WASHINGTON, D.C. (January 28, 2015) – With an ever-growing list of financial institutions targeted by organized cyber-attacks, the North American Securities Administrators Association (NASAA) today issued an advisory reminding investors of the importance of understanding how their personal information is being protected by financial firms. The advisory is on the NASAA website at www.nasaa.org.

“The increasing reliance on technology in our daily lives could leave our sensitive financial information more vulnerable to unwanted viewing or theft without proper safeguards in place,” said William Beatty, NASAA President and Washington Securities Director.

In September 2014, NASAA reported that 62 percent of state-registered investment adviser firms participating in a NASAA pilot survey had undergone a cybersecurity risk assessment, and 77 percent had established policies and procedures related to technology or cybersecurity.

“Investors should think about the safety of their financial information, and talk with their investment professionals about what steps firms are taking to safeguard client information,” Beatty said.

To help investors with that discussion, Beatty suggests asking the following questions:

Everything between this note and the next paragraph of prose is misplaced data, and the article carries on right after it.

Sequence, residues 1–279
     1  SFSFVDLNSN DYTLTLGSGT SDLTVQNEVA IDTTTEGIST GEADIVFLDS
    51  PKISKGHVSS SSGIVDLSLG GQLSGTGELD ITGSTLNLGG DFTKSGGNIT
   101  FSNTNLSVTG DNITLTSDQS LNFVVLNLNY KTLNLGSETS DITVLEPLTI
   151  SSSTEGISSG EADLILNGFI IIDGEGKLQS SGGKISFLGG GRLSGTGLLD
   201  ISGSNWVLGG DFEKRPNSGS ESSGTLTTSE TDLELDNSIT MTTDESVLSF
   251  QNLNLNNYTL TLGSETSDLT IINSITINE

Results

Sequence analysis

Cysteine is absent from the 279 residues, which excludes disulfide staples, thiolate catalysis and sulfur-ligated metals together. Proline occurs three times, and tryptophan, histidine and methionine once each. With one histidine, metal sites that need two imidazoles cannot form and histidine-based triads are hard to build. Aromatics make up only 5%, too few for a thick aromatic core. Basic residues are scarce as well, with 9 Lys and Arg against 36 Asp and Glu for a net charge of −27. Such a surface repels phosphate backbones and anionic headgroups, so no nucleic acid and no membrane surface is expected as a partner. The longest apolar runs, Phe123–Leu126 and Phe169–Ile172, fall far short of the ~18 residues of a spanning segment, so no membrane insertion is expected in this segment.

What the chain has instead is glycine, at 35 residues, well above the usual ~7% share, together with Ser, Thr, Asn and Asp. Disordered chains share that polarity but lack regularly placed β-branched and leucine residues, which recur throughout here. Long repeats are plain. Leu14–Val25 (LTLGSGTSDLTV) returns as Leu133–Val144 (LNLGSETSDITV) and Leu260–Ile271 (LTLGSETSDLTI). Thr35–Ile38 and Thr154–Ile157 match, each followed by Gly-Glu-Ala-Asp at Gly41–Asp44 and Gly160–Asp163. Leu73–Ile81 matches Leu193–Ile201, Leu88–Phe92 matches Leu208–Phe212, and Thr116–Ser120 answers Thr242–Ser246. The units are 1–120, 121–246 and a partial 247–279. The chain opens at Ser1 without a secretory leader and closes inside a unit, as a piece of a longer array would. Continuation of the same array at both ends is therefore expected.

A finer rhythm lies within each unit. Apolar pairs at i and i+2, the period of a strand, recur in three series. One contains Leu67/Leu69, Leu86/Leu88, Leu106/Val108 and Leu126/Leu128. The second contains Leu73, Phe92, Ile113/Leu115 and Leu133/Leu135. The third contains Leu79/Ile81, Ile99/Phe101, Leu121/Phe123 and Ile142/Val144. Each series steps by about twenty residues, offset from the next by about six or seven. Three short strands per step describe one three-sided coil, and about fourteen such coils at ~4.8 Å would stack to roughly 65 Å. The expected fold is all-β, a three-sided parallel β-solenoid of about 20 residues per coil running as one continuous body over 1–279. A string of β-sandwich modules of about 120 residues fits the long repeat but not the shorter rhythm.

• Has the firm addressed which cybersecurity threats and vulnerabilities may impact its business?
  • Does the firm have written policies, procedures, or training programs in place regarding safeguarding client information?
  • Does the firm maintain insurance coverage for cybersecurity?
  • Has the firm engaged an outside consultant to provide cybersecurity services?
  • Does the firm have confidentiality agreements with any third-party service providers with access to the firm’s information technology systems?
  • Has the firm ever experienced a cybersecurity incident where, directly or indirectly, theft, loss, unauthorized exposure, use of, or access to customer information occurred? If so, has the firm taken steps to close any gaps in its cybersecurity infrastructure?
  • Does the firm use safeguards such as encryption, antivirus and anti-malware programs?
  • Does the firm contact clients via email or other electronic messaging, and if so, does the firm use secure email and/or any procedures to authenticate client instructions received via email or electronic messaging, to work against the possibility of a client being impersonated?

“As a customer, you have the right to ask these questions and get answers you can understand in writing,” Beatty said. “This is all part of the process of doing your due diligence and becoming an informed investor.”

For More Information:
Bob Webster | Director of Communications

Skip to content